Meme hosted by Sheila of One Person's Journey Through a World of Books.
Animal, Vegetable Miracle by Barbara Kingsolver
This book was delightful. It was funny, informative, moving and a dream-book for anyone who loves gardening, food, family and learning new stuff.
It's a locavore's manifesto. Some find it preachy- but it isn't a fire and brimstone sermon. It's a series of anecdotes about a family's one year experiment to eat locally grown, organic food. It made me hungry every time I picked it up (I gained some weight, I think) and I would love to have my own copy (I borrowed this one from the library).
When Religion Becomes Evil by Charles Kimball
It always sounds juvenile when you say a book is boring, but sometimes it is. The author took view of religion that annoys me, an apologetic defense of moderate religion that pretends that scriptural literalism and belief in impending Armageddon are peculiarities of small snake-handling sects somewhere in the boonies.
I live in the Great red-state of Georgia & I beg to differ. For example, his first sign of evil religion is dead on: Absolute Truth claims.
I have never known a religious person who didn't believe they knew the absolute truth...or that the end time is near.
*Not saying that none exist.
Just saying that Kimball's reasonable religion is outnumbered, probably because most people can find little solace in something if they don't believe it's entirely true.
It was fascinating to read the different cases of religious extremism - Jim Jones, Shoko Ahasara and David Koresh all merit a section.
I was annoyed, however, by some ditz who left their notes in the margin. Normally, I love marginalia (word stolen from poet Billy Collins), but this was the worst kind of obnoxious know-it-allism. "Typical Academic Dodge!" they scrawled in one paragraph. I read it eight times and still don't know what they were talking about, the passage seemed perfectly benign.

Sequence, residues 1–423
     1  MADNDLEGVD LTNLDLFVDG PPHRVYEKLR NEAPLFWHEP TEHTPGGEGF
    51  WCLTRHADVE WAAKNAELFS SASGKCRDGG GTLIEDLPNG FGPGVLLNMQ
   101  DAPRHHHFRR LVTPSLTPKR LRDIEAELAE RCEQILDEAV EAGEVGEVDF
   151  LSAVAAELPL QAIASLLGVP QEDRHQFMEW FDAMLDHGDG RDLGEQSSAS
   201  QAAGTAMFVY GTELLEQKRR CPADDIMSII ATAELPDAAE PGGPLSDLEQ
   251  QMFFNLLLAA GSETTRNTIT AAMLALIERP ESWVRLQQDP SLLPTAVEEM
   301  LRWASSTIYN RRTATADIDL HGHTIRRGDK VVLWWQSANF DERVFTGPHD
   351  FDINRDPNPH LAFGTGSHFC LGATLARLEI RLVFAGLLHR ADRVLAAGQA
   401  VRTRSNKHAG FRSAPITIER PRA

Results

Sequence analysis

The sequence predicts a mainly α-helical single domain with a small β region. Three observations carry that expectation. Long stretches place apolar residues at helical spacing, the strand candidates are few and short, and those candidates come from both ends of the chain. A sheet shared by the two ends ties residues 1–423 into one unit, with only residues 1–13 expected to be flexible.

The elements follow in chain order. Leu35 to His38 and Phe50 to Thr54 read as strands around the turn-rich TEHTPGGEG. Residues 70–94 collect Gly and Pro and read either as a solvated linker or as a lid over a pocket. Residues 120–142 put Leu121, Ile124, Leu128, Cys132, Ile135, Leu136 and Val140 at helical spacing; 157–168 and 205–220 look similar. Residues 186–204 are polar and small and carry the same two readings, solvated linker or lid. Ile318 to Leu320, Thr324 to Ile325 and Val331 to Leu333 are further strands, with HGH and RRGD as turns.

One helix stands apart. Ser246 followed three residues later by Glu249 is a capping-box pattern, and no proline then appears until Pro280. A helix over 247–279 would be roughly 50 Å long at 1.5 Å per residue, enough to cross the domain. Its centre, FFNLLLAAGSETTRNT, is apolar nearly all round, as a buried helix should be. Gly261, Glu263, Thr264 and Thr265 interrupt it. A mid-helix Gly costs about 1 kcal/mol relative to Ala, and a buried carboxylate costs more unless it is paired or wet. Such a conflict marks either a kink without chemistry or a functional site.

Maybe I'm just ignorant, I thought, maybe Kimball's dodging something I don't know about.
But the rest of the book was peppered with obscene, indignant little question marks in the margins. It was like a defiant kid continually say "Huh?" when his mother tells him to take out the garbage.
Was the reader confused or just trying to piss me off?
Maybe I'm just grouchy.
Good Omens by Neil Gaiman and Terry Pratchett
Neil Gaiman & Terry Pratchett. The letters "OMG" come to mind. I love Terry Pratchett. I love Neil Gaiman. Reading a book written by both nearly gave me seizures- it was as funny, clever and surprising as you'd expect it to be. It is about the ultimate battle between Heaven and Hell, a serious subject rendered absurd by unexpected characterizations. My favorite characters were the Four Horsemen, modernized and mounted on motorcycles ("Hell's Angels") and then there was Crowley and Aziraphale- a demon & an angel who've kept a friendship going for thousands of years and are a little too comfortable with life on Earth.
Will the Boat Sink the Water?: The Life of Chinese Peasants by Chen Guidi and Wu Chuntao
How the poor of China are struggling, hidden from foreign eyes (banned in China)
The Panda's Thumb by Stephen Jay Gould
Evolutionary science by the Late Mr. Gould
The Man Who Loved Books Too Much by Alison Bartlett
A detective story about an evil, evil, horrible man who...dare I say it...stole people's books!
(I know, I didn't know it was "rampant". I'm getting ADT...and a rifle...)